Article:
Kansas has 41 livestock auction markets; many are bigger than the one in Mankato. But it is hard to argue that any of them have more impact on the local community than does Mankato Livestock.

In a town this size—850 residents as of the last U.S. Census—the ripple effect is massive. On Thursdays and Fridays of sale weeks, the town's three restaurants serve more meals, Kier's Thriftway sells more groceries, Mankato Professional Pharmacy fills more prescriptions, and Walker Automotive Service pumps more fuel and patches more tires.

According to a 2023 impact study from the Livestock Marketing Association, an average livestock auction market provides about $2 million in added value to its local community. The study was conducted in a rural Missouri town with weekly auctions featuring all classes of cattle.

"Livestock auction markets today remain critical to helping our rural communities continue to thrive," says Kristen Parman, LMA Vice President of Membership Services. "They generate a competitive sale environment which results in cash for local livestock producers. That cash equals dollars spent in town and investments back into their businesses and operations."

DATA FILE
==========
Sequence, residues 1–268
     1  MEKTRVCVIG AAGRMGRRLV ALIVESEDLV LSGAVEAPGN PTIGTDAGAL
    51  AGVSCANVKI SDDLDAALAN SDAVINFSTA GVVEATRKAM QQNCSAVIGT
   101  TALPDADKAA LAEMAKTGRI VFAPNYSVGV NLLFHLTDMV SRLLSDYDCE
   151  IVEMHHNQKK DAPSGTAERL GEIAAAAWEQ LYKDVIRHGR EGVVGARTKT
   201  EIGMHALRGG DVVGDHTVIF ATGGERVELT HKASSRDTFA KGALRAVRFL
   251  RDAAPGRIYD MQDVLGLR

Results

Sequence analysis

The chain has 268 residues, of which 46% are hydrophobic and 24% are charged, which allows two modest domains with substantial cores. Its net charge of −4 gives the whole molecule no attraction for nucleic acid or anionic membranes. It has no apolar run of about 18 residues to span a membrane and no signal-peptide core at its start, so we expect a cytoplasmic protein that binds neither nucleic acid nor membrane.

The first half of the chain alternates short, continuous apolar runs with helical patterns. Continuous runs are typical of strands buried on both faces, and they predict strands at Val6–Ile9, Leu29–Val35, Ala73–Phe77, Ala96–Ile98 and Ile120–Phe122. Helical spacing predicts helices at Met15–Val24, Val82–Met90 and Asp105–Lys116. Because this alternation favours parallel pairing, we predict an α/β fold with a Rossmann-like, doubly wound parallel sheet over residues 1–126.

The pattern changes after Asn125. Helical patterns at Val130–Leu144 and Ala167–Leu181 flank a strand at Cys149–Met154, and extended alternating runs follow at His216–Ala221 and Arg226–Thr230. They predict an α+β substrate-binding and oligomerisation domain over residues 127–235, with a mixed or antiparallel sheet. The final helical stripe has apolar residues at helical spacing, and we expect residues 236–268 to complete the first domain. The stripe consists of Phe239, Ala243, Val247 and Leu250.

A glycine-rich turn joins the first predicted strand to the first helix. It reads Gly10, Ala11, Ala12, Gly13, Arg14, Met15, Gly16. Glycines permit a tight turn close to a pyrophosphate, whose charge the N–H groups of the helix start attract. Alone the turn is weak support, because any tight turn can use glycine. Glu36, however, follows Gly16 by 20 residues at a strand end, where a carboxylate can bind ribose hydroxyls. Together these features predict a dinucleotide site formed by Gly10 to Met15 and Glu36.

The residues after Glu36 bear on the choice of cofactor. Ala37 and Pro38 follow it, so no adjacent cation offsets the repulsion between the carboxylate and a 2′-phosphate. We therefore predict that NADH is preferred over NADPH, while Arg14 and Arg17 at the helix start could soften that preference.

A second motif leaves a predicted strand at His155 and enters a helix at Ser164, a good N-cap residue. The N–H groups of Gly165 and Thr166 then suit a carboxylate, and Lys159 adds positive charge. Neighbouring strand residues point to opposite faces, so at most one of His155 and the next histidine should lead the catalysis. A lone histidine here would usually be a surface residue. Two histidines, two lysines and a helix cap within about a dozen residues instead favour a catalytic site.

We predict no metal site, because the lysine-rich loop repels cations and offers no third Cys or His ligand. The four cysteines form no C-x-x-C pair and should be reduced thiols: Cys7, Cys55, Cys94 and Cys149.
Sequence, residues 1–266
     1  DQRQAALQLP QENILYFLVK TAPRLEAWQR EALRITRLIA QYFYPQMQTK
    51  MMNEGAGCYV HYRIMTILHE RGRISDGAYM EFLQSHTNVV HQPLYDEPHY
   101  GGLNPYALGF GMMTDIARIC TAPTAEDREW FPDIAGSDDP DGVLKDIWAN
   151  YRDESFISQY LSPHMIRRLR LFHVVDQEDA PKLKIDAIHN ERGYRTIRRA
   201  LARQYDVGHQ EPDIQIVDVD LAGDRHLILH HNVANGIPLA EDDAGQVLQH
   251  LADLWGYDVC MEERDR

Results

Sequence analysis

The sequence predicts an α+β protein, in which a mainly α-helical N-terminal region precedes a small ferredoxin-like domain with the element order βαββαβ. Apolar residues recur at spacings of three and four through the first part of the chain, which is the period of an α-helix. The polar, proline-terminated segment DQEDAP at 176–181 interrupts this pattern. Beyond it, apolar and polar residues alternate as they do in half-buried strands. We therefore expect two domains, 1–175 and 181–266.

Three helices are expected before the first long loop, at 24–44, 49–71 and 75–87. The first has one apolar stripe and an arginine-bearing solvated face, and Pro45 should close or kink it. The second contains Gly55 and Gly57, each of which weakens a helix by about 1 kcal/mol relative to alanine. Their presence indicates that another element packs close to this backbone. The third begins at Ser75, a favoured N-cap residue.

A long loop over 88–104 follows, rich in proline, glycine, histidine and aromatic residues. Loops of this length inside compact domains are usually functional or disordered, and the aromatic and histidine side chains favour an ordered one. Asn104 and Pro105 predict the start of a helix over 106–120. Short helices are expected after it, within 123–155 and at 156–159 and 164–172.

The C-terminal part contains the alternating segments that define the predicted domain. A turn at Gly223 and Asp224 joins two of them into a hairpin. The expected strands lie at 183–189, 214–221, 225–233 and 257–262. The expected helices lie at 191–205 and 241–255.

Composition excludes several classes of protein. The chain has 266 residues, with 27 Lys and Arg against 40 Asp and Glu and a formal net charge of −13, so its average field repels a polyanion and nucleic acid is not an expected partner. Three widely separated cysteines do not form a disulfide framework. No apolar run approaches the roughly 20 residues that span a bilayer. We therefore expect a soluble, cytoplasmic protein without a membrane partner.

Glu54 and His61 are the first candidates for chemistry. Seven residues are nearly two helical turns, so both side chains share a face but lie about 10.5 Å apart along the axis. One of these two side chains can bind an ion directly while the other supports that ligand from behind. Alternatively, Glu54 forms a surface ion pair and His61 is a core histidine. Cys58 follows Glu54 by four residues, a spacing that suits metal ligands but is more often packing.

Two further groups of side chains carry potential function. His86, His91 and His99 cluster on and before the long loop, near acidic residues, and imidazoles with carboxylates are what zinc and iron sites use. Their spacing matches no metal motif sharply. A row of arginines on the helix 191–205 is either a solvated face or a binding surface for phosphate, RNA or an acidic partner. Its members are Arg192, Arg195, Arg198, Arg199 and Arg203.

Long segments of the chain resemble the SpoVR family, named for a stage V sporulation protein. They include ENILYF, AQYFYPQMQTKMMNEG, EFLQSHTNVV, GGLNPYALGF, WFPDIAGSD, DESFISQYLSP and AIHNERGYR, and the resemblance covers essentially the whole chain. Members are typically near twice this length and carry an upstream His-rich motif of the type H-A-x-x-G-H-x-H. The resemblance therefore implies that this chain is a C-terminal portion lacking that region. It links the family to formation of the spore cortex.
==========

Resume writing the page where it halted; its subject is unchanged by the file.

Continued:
Mankato is the county seat in Jewell County, adjoining the Nebraska border in the central part of the state. Agriculture—whether it is farming, ranching, or support services—is its only industry.

Like many rural counties, Jewell faces population loss. About 2,900 people live here now; a century ago, 16,200 people called Jewell County home.

The population decline has been steady and has taken a toll on the county's businesses. There are empty storefronts in most of the county's largest communities.

So in 2018, when the four owners of Mankato Livestock opted to build a brand new facility and expand its pen space to safely accommodate more cattle, businesses were thrilled.

"I think we're extremely lucky to have the sale barn in town," says Brian Shulda, executive vice president at the State Exchange Bank and board member for the Jewell County Community Development Association. "The sale barn draws from 60 to 90 miles away, and the amount of dollars that comes through here is huge. How much of that stays in Mankato? I don't know. But there is an impact."